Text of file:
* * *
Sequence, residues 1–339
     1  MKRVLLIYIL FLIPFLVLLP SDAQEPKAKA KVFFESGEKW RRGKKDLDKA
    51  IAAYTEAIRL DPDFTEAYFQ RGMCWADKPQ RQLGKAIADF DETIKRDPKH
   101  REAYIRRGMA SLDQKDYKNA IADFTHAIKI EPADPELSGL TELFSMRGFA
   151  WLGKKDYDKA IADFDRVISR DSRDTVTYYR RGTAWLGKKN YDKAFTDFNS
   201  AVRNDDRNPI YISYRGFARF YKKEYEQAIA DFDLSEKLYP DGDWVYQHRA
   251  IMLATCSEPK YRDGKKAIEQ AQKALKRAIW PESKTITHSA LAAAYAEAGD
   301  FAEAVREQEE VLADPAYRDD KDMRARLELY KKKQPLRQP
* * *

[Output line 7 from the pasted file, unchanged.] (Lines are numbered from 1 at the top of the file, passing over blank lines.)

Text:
   251  IMLATCSEPK YRDGKKAIEQ AQKALKRAIW PESKTITHSA LAAAYAEAGD